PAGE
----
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How McKay Avenue School Got Its Name

The oldest standing brick school in Alberta was named in honour of Dr. William Morrison MacKay, who for 34 years served as the only medical practitioner for Hudson's Bay Company outposts in Canada's northland. His service with the company commenced in 1864. Ten years later he married Jane Flett, daughter of a Hudson's Bay factor, and on many occasions his wife served as a nurse assisting him in sewing up wounds suffered by his northern patients.

"For thirty-four years he was the only medical man in most of a half-continent of wide open prairie, vast ice fields, mountains, rivers, lakes, and forests in proportions far beyond human imagination. The sole means of transpor­tation was by York boat, river boat, dog train, or sleigh. For many years most of his patients were [Inuit] and [First Nations] and they lived in snow huts or teepees. The ordinary ailments of mankind were always demanding attention, but in addition, epidemics of scarlet fever, smallpox, or typhus fever were frequently breaking out here or there over his vast medical domain. This required thousands of miles of exact­ing travel, usually in frigid weather. In fact, his thirty-four years of pioneer medicine make a tale of hardship, en­durance, self-sacrifice, and brotherly love never sur­passed by any physician in any age of medical history.” 1

"his medical missions are tales of hardship and sacrifice"

Much of the good doctor's service was in the Peace and Athabasca districts. He once skated 200 miles from Grouard to Edmonton to provide medical care in the absence of the settlement's doctor. Prior to his arrival in Edmonton, Dr. MacKay spent ten years in Fort Chipewyan, the oldest settlement in all of Alberta.

After more than a third of a century of service as a surgeon, Dr. MacKay retired to Edmonton and set up a residence on the north­ west corner of what is today 99 Avenue and 105 Street. For a short time he practiced medicine in the rapidly growing town and in 1902 was elected first president of the Northern Alberta Medical Association. One of the lots presently comprising the McKay Avenue School grounds was purchased by the Edmonton Public Protestant Public School Board (Edmonton School Division) from Dr. MacKay.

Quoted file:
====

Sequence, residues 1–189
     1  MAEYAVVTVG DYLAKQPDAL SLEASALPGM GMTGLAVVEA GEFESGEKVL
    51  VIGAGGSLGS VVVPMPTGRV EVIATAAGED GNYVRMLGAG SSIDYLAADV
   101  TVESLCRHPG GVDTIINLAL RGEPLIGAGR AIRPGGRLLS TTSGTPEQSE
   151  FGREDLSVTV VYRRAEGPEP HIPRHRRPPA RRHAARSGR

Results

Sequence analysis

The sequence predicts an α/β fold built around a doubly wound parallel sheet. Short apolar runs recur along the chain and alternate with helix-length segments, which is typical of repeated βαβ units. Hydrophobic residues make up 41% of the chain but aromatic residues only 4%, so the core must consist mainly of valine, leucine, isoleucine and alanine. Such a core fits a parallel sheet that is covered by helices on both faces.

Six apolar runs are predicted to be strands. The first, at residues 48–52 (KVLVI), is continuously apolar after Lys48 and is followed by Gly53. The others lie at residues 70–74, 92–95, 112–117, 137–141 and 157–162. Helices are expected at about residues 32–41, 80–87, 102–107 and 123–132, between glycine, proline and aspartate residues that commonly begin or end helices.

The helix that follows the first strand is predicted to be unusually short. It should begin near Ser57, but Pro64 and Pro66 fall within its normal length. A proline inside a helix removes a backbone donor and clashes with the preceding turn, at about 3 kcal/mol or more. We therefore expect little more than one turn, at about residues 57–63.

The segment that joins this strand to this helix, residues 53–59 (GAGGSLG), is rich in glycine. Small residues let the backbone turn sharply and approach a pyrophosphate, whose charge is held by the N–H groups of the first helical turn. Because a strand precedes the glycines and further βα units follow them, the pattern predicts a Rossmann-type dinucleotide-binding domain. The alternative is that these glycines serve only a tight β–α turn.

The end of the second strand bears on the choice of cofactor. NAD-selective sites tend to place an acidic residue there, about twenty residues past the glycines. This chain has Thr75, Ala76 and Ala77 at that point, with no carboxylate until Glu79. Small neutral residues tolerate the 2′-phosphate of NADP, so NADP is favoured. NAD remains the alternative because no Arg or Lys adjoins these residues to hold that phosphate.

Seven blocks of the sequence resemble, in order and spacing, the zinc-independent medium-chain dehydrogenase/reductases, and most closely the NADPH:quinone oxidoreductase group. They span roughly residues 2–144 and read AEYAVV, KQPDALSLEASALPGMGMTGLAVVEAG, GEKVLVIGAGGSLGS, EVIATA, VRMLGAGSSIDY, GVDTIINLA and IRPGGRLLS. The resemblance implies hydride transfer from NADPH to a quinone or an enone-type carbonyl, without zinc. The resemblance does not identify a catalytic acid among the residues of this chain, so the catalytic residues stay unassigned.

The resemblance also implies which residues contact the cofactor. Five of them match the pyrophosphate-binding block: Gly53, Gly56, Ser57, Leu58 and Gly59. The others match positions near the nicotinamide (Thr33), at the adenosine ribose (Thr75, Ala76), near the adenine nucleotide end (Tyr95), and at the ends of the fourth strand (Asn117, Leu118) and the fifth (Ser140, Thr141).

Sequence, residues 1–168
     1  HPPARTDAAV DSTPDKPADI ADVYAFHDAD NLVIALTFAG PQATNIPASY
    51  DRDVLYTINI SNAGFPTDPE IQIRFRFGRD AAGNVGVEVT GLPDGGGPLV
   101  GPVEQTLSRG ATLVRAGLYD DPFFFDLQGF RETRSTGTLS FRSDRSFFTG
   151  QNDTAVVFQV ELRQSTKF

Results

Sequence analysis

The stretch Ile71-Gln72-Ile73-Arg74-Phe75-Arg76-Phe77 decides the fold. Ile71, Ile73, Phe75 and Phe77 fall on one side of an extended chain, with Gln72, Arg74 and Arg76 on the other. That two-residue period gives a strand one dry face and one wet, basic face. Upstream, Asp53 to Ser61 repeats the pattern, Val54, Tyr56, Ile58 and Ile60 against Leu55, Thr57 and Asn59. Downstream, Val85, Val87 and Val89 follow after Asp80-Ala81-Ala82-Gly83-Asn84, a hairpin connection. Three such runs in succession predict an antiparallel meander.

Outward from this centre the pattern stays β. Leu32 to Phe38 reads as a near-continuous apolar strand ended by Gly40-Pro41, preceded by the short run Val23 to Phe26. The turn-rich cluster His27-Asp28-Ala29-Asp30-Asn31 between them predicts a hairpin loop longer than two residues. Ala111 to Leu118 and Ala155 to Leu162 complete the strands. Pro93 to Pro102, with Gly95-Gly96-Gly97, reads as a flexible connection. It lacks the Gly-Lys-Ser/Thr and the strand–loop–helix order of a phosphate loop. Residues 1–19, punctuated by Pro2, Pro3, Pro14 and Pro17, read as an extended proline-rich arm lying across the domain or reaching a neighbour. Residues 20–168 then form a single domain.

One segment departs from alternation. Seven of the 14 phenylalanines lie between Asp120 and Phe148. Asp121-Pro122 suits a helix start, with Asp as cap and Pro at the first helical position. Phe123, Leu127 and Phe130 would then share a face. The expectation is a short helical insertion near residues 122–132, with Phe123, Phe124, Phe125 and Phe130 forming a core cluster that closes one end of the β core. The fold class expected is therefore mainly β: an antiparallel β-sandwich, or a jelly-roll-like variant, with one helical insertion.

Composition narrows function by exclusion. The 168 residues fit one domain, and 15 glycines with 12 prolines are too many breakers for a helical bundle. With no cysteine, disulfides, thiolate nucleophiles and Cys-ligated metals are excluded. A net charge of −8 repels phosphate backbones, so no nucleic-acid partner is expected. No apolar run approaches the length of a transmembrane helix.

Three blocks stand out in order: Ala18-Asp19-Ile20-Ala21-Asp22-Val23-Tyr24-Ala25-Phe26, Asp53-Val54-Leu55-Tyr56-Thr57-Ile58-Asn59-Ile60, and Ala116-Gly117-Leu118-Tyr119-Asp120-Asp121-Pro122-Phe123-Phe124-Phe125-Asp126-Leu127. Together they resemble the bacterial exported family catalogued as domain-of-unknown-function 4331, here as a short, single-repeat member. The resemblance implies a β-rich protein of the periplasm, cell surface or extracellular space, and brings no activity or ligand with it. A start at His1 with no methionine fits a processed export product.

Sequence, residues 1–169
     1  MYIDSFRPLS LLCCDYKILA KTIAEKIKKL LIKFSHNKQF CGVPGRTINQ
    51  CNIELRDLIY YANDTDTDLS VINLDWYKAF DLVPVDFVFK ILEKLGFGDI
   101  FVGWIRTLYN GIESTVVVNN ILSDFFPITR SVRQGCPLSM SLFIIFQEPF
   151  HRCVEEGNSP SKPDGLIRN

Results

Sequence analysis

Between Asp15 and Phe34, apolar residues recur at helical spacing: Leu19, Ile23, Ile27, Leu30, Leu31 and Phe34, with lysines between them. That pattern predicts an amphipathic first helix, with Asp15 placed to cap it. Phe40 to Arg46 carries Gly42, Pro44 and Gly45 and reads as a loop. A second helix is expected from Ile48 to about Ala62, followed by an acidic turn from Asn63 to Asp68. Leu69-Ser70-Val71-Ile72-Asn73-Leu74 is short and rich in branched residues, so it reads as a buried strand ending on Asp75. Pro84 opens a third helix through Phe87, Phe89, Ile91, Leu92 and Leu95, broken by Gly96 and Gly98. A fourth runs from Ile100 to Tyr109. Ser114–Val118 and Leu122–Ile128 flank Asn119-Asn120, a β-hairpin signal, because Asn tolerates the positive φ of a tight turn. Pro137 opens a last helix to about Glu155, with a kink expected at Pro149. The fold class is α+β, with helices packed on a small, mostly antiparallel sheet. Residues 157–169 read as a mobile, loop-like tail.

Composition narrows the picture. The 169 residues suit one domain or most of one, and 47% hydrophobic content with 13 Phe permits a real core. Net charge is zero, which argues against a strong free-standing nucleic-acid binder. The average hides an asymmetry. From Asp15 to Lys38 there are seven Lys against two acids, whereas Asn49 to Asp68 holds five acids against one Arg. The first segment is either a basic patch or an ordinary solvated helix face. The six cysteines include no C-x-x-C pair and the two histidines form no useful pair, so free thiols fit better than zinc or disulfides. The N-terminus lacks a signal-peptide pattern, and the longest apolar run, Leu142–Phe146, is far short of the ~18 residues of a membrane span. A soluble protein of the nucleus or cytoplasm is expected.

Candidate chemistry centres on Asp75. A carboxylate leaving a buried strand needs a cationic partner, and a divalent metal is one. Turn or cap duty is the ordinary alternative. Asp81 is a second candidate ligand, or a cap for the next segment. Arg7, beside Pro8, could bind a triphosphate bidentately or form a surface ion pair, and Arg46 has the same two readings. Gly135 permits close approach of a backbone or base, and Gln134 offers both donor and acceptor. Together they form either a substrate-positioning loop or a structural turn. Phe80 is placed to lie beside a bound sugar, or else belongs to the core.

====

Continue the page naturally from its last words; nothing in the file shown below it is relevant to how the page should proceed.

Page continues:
"MacKay was the only medical practitioner in Canada's northland for thirty-four years"

In recognition of Dr. MacKay's devotion and service to residents of Northern Canada, Fort MacKay and MacKay Lake in the Northwest Territories were named in his honour. The Town of Edmonton paid its respects to the pioneer doctor by naming the avenue fronting his residence "McKay Avenue." Unfortunately, in the formal naming of the avenue, an error was committed in the spelling of the good doctor's name. The error was perpetuated in the naming of McKay Avenue School.

Dr. MacKay died in Edmonton in 1917, but the benevolence of this great medical pioneer and his family will never be forgotten.

1 Calgary Associate Clinic Historical Bulletin, November 1939